The Russian government’s official policy on its invasion of Ukraine – and its lack of success – seems to be “Don’t mention the War!”. Yet despite media restrictions most of Russia’s public realises that something is going on. Most obviously, Western commercial companies are leaving the country en masse, depriving consumers of goods and services. Jesters have already dubbed the departure of fast-food outlets McDonalds and Kentucky Fried Chicken (KFC) as a “No Fry Zone”.
More seriously, Western governments’ reprisals and sanctions aimed at Russia’s economy include measures against aviation and space. The bans cover not only actual flights (Russian aircraft are banned from many routes) but also the export of spare parts for aircraft and their engines, and technology and information for spaceflight. For example, Russian airlines mainly use Western-built Boeing and Airbus aircraft designs, along with highly efficient jet turbofan engines built by Rolls-Royce etc. So, in effect, the only alternative in the short term for Russian airlines such as Aeroflot is to cannibalise spare parts from stood-down aircraft. This would be deemed illegal especially if the aircraft are leased.
Russia’s retaliatory bans on Western spacecraft using Russian launch vehicles are already having an effect, most notably on OneWeb which has had its remaining Soyuz launches cancelled. Likewise, supply difficulties involving Russian and Ukrainian launch vehicle engines and stages are expected to affect the launch schedule of Antares and Vega rockets towards the end of the year.
But these are not the only measures affecting spaceflight. New laws have been announced by the US, the EU and the UK, which will effectively block Russia’s airlines and spacecraft operators from using the international insurance market. For example, EU sanctions applying to EU-based insurers ban Russian satellite operators both from being insured and from using euros for insurance transactions. The US has sanctions against any Russian satellite and these also apply to any Russian satellite operator that has the sum insured in dollars.
The UK government has just announced a ban on UK-based underwriters offering insurance cover to Russian aviation and space operators (they were already prevented from insuring Russian satellites with any sort of military use e.g. X-band payloads). Most space insurance policies have a get-out clause (AVN111) that allows cancellation of policies if a satellite company is under sanction.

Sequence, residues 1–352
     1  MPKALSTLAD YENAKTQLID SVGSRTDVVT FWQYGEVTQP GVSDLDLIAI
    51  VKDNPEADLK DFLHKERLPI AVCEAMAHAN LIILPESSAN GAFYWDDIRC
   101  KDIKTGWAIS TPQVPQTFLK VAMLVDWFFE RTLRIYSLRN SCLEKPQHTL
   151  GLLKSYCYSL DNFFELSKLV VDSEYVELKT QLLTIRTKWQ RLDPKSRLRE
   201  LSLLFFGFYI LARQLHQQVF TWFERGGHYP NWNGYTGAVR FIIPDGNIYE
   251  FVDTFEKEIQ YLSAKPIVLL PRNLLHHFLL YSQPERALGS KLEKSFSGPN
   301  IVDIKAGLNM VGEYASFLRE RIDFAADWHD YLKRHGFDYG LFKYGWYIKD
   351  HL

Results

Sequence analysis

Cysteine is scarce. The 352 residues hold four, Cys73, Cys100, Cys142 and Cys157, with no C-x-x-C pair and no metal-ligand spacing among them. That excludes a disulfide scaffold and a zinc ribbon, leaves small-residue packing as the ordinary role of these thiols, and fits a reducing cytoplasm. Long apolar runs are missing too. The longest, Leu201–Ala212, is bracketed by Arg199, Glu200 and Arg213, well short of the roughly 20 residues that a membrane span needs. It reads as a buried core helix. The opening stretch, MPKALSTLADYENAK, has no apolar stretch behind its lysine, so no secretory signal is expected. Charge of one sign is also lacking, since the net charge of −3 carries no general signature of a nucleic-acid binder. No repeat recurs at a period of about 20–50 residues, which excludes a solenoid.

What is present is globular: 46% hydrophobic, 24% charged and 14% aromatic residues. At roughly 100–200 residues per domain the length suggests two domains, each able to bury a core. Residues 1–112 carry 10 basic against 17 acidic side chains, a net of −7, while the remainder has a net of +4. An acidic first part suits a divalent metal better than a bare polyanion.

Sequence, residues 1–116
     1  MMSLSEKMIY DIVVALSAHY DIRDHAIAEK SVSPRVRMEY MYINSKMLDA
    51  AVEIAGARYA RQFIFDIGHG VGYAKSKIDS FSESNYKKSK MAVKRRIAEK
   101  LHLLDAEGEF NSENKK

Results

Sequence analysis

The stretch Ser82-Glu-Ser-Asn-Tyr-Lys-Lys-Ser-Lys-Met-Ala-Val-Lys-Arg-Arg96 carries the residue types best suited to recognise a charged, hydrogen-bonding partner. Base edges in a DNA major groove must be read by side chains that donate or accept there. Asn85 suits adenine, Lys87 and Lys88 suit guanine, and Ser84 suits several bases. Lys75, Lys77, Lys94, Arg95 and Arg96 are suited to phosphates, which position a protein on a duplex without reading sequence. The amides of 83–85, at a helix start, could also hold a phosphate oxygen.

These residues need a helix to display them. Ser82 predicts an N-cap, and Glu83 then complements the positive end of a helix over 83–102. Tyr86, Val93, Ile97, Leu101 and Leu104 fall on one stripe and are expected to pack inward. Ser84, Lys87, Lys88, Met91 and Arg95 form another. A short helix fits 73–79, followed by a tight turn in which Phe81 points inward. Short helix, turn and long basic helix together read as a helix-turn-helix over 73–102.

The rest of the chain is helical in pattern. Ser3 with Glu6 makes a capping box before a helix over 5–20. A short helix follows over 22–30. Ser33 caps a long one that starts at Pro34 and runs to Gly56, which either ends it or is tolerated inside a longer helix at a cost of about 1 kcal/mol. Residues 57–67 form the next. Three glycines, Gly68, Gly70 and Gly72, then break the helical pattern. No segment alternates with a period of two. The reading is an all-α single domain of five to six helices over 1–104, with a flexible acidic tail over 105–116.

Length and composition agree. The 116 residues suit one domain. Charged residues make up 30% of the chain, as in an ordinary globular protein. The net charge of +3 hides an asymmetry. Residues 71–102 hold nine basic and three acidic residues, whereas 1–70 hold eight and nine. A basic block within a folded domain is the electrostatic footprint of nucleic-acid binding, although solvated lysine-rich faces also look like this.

Even before these restrictions, Western underwriting sentiment against the invasion was making it difficult to insure anything Russian. Those still considering it noted difficulty in receiving Russian premiums and in making insurance pay-outs, given that Swift system transactions had been shut down.
Of course, Russia has its own insurers in its space market which can still insure Russian satellites. The problem is that the Russian space insurance market only has a capacity (the amount available to insure a space risk) of circa US$40 million – a small proportion of the international space insurance market’s total of US$600-700 million – and is dependent on the rest of the world to fully insure Russian satellites.
Thus, for a US$100 million risk, Russian underwriters would initially underwrite the full risk but use reinsurance via the international market to cover the remaining US$60 million. Now they will be unable to do this. In fact, Russia has NOW officially prohibited its underwriters from dealing with insurers of “unfriendly countries”. However, after the sanctions imposed in 2014 following Russia’s annexation of Crimea, Russia has set up the Bank of Russia-backed Russian National Reinsurance Company which, with the support of Chinese reinsurers, may at least be able to take up some of this reinsurance burden.
Russian insurance programmes likely to be at least partly affected by the insurance/reinsurance shortfall are:
- Insurance of the launch and first year in orbit of the Angosat 2 communications satellite aboard a Proton rocket. Update on 1 April 2022: Seradata understands that the spacecraft is back with its main constructor ISS Reshetnev having had its Airbus DS communications payload fitted, and will be launched later this year. As a point of principle given the “turnkey” nature of the project, it is likely to be fully insured by Russian underwriters.
- Soyuz/Progress missions to the International Space Station – or rather the incentives on completion of delivery – are typically insured to a value of US$60 million.
- The renewal of in-orbit cover for the Express satellite fleet of the Russian State Communications Company (RSCC) and of the Yamal fleet for Gazprom.
- Legal questions are being asked about whether a European satellite using some of its beams to provide services to Russia can be insured.
Of course, there is also fallout in the space insurance market from the insurance restrictions and delayed launches: a significant reduction in premium revenue. The loss of Russian space insurance risk premiums might reduce the gross global premium total for this year by up to US$60 million, nearly ten per cent of the amount originally expected.
However complicated and costly it gets for space insurers, at least things are not as bad as they are for Space’s sister class of aviation insurance. Russia has effectively stolen Western-built aircraft from aircraft leasing companies by impounding them after attempts to repossess them from airlines. Aircraft lessors are expected to make insurance claims for over US$10 billion for the “constructive total losses” of their “stolen” aircraft.